ACT to offer electric car buyers free registration and $15,000 loans

Labor and the Greens have vowed to incentivise electric vehicle buyers and improve charging infrastructure.

The Australian Capital Territory (ACT) just solidified its position as Australia’s most electric car-friendly jurisdiction by promising to introduce free registration and interest-free loans for new electric car buyers.

Under a new governing agreement co-signed by Labor and the Greens, Canberrans will be able to access “a program of zero-interest loans of up to $15,000 for households and not-for-profit community organisations to assist with the upfront costs of investing in zero-emission vehicles”.

“This includes free vehicle registration for new zero-emission vehicles for two years, introduced as soon as practical,” the agreement states.

Currently, the ACT already provides a stamp duty exemption to electric car buyers, as well as a 20 per cent discount on registration.

The governing agreement also stipulates the construction of “at least 50 electric vehicle re-charging stations across Canberra and the region”.

Additionally, it promises to continue the transition of Canberra’s public bus fleet to zero emissions vehicles by “buying 90 electric buses in the next government term, building a new zero-emissions bus depot in Canberra’s North and building electric bus infrastructure at the new Woden Depot”.

Under the agreement, both parties have vowed to “significantly expand the number of zero emission vehicles in the ACT”, by engaging with the industry to adopt an “ambitious target for new ACT vehicle sales to be zero emission by 2030”.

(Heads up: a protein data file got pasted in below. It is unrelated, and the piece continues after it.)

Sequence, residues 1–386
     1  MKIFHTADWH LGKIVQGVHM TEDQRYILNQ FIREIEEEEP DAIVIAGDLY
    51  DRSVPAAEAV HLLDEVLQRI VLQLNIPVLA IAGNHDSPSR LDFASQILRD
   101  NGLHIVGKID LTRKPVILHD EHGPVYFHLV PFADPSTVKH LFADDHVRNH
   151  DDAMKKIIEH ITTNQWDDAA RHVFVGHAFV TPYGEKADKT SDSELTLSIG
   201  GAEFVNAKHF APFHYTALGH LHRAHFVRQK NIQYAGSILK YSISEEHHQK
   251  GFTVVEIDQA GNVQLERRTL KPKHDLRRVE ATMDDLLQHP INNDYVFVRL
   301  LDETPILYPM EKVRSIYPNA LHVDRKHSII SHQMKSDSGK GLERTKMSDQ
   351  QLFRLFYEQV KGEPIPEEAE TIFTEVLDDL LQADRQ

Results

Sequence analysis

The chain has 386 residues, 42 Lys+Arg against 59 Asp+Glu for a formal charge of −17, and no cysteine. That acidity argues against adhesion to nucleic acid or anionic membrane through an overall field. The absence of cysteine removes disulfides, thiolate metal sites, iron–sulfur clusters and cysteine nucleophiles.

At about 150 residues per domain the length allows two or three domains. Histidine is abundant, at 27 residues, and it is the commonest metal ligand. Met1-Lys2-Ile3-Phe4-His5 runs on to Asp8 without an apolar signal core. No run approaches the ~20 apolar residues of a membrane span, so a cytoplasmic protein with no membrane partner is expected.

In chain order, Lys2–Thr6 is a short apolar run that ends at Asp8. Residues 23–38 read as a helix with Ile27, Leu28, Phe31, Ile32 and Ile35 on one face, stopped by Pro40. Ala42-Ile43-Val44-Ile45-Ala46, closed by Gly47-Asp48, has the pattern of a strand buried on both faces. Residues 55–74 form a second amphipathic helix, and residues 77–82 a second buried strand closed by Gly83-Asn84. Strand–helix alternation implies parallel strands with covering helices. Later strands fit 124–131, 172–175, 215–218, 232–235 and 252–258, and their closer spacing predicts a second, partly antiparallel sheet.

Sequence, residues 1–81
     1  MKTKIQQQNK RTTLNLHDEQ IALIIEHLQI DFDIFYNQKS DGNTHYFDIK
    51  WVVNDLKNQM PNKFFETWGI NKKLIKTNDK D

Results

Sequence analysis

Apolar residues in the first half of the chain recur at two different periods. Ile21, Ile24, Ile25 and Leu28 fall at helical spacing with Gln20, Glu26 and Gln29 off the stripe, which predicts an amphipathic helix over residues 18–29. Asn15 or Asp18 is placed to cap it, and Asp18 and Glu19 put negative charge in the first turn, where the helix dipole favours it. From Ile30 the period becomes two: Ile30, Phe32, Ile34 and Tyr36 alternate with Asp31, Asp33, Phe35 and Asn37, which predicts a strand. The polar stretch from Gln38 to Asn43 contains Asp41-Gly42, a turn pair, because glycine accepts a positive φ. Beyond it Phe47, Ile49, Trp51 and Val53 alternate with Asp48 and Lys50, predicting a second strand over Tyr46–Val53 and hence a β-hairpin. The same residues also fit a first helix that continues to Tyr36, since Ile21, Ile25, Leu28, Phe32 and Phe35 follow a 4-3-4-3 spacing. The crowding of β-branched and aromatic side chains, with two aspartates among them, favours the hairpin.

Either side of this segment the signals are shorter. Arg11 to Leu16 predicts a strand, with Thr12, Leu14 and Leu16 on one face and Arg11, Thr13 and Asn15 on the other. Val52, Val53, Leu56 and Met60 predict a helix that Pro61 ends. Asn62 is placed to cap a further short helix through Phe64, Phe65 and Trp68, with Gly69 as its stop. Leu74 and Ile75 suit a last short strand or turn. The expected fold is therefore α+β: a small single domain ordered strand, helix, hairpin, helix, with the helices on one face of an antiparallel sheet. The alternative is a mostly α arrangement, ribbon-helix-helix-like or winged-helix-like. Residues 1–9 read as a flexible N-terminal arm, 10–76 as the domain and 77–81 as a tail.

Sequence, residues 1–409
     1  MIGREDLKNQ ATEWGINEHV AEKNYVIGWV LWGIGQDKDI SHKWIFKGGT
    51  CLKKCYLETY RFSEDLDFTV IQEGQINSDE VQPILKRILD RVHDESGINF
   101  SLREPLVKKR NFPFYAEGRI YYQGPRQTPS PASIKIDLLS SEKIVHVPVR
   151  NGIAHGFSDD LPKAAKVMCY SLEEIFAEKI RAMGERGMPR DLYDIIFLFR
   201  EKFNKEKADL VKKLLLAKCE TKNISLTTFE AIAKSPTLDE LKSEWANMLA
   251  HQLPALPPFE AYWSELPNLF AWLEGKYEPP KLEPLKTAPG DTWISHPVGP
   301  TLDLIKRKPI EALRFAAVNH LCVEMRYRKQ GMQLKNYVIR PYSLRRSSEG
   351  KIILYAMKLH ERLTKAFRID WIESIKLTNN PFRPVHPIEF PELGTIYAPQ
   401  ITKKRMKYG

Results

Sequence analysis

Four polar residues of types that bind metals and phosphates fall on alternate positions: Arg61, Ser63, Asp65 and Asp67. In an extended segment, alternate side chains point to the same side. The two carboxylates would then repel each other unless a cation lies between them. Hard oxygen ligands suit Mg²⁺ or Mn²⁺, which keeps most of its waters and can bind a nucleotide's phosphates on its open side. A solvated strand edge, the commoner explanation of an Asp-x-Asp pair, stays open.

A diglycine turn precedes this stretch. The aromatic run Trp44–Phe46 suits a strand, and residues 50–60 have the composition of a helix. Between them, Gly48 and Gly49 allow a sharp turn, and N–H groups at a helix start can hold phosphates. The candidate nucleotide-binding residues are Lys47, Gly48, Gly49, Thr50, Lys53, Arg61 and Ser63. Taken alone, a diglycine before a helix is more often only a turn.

There are also plans to develop additional financial incentives for greater uptake by the business and community sector and implement a pathway for increased zero emissions public transport, garbage trucks and taxi and rideshare vehicles by the mid-2030s.

Finally, it outlines a plan to “conduct market sounding to attract zero emission vehicle industries and other economic and training opportunities to the ACT”.

A governing agreement means the relevant signatories “agree to support and deliver the initiatives as they are described in this Agreement, unless a written agreement to vary the initiative is signed by the leaders of both parties”.

The news come after South Australia became the first jurisdiction in the world to propose a specific tax on electric vehicles (EVs), with the state government suggesting EV owners pay a distance-based road user tax in lieu of a fuel excise.

Elsewhere in the nation, electric cars receive reduced registration fees in Queensland, New South Wales and Victoria, and reduced duty rates in Victoria and Queensland.

Meanwhile, the Federal Government’s luxury car tax threshold price is higher for electric cars – for the 2020-21 financial year, it’s $77,565 for fuel-efficient vehicles, compared with $68,740 for regular vehicles.

The Electric Vehicle Council’s annual State of Electric Vehicles report for 2020 found the Australian state or territory with the highest level of policies encouraging EV uptake was the ACT with an overall B rating.

The ACT was followed – in descending order – by NSW, Queensland, Victoria, South Australia, Tasmania, the Northern Territory and Western Australia – the latter two of which both received an F score.

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